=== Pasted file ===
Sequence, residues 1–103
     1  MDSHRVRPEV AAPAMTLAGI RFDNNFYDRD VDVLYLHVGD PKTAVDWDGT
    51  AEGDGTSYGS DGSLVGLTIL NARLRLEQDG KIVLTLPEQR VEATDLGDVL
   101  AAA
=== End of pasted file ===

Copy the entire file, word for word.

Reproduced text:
Sequence, residues 1–103
     1  MDSHRVRPEV AAPAMTLAGI RFDNNFYDRD VDVLYLHVGD PKTAVDWDGT
    51  AEGDGTSYGS DGSLVGLTIL NARLRLEQDG KIVLTLPEQR VEATDLGDVL
   101  AAA